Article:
Review: “Wife”

 

Induhu Rubasingham’s world premiere of of “Wife” by Samuel Adamson, at the revamped and re-named Kiln theatre in Kilburn, positively fizzes with camp and intellectual exuberance.

Based on Ibsen’s character of Nora (from “A Doll’s House”), a woman  stifled within the constrained and subordinate role of wife, this slick, muscular production, skillfully examines, through four contrasting (but generationally linked) scenes, society’s changing perspective on marriage, gender and queerness.

The first scene, set in 1959, in the dressing room of a production of “A Doll’s House”, shows middle class, married Daisy desperately trying to salvage her (secret) relationship with lover Suzannah.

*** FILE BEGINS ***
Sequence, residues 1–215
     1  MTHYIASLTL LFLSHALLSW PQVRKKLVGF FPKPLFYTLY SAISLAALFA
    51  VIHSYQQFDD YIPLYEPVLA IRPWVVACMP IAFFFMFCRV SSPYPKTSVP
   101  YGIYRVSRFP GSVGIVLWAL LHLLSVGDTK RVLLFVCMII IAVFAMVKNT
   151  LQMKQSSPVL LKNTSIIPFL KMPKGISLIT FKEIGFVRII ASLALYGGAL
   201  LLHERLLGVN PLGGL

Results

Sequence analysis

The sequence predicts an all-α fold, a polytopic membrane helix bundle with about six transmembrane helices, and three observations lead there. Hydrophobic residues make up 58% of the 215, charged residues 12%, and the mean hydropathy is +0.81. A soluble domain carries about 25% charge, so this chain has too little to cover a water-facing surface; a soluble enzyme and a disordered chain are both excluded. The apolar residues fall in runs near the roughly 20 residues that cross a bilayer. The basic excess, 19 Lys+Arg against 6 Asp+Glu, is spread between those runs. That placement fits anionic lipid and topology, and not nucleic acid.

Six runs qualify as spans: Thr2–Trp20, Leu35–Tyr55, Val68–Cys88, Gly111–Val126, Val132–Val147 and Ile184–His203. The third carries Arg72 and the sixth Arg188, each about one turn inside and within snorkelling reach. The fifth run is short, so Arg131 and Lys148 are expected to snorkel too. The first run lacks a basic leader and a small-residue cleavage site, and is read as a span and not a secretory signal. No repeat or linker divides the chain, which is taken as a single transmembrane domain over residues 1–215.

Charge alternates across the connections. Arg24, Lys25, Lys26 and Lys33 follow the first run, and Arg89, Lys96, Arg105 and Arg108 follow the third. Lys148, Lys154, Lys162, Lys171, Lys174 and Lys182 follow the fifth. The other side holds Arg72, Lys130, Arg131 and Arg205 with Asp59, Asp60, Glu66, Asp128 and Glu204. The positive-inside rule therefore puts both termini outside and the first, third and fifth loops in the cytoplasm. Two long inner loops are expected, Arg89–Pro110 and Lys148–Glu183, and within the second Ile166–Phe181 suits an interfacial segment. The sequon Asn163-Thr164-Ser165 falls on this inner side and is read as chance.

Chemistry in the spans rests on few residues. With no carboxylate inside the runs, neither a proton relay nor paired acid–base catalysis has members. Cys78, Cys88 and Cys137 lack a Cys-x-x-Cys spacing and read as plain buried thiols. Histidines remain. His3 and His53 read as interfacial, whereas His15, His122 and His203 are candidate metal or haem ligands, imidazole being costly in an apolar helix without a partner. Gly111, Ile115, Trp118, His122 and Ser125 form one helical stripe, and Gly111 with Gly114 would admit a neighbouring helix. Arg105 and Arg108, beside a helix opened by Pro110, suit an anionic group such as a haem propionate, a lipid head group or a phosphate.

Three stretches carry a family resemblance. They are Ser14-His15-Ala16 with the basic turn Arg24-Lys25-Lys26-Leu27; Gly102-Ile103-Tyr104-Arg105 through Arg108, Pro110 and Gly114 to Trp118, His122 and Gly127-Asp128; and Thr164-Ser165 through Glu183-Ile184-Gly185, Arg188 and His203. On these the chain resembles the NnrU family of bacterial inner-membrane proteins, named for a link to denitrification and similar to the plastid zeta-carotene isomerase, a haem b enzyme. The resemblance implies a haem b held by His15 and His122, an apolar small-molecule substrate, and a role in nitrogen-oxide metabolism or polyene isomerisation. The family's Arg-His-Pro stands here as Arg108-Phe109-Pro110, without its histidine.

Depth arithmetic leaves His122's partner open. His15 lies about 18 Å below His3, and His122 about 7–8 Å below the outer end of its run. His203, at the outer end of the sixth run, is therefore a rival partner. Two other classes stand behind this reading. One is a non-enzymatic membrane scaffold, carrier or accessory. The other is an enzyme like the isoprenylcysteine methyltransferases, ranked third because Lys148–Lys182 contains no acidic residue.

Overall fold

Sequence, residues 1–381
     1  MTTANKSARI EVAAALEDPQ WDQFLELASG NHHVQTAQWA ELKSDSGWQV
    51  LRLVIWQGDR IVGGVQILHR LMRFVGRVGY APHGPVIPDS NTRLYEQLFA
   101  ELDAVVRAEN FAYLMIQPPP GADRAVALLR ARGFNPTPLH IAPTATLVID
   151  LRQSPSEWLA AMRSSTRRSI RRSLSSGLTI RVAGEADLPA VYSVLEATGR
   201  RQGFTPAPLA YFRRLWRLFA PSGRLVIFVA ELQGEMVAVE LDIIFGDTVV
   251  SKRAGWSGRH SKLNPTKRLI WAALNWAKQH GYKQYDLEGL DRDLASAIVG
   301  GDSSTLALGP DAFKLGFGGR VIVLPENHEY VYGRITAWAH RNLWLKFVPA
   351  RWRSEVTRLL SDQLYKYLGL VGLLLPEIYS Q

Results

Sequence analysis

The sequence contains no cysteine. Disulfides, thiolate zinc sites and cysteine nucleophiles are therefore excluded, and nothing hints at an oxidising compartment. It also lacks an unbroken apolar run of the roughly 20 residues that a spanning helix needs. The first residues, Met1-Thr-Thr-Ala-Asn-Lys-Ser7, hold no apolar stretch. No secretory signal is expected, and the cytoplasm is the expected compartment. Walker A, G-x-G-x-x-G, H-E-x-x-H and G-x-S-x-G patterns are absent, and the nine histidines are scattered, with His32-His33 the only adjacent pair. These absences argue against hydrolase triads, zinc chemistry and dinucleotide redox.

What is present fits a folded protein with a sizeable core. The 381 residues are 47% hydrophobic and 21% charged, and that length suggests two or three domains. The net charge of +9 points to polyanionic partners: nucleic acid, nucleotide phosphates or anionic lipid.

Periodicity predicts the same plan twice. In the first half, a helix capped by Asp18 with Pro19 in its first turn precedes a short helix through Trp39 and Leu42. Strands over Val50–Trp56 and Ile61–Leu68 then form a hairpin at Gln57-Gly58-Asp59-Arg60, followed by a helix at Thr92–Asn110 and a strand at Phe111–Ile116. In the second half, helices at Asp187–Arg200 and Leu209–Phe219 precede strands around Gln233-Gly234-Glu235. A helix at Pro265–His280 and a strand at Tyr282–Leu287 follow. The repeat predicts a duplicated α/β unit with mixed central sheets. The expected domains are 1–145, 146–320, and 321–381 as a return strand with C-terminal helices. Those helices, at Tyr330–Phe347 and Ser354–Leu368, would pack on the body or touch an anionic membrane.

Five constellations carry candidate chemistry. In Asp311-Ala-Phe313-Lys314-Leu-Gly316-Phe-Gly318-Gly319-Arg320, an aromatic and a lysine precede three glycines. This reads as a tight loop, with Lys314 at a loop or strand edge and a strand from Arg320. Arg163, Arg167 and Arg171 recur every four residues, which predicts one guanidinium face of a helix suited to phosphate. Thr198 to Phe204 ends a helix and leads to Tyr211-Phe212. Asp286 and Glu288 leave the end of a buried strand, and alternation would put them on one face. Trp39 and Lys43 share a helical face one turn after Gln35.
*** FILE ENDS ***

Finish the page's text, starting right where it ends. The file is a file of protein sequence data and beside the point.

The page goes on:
The second scene, set in the 80’s, reveals the juxtaposition of sexual politics and personal power at play within in the relationship of gallery owner Robert and his mothers’ (Daisy) carer, Eric.

Each scene plays out the same theme: the role of a wife. It’s characters (straight and gay) wrestling to maintain a balance of personal freedom, compromise and equality within their relationships.

There’s a lot of crash, bang and wallop in this show – and not just on the entertaining front. It’s a challenging and thought-provoking production brimming with pathos, politics and laugh out loud moments.

Despite minor flaws – occasional clumsy directional shifts from one scene to another, and some of the characters coming across as rather stereotypical – I loved this production.

This was an ensemble piece, with the actors playing a number of parts. Special mention to Karen Fishwick, playing Daisy perfectly on point, and Calam Lynch, playing Eric with an understated talent that shone.

This production runs at the Kiln Theatre, Kilburn (0207 328 1000) until the 6thJuly. I recommend you go and see it…take your wife (who ever she, or he may be)

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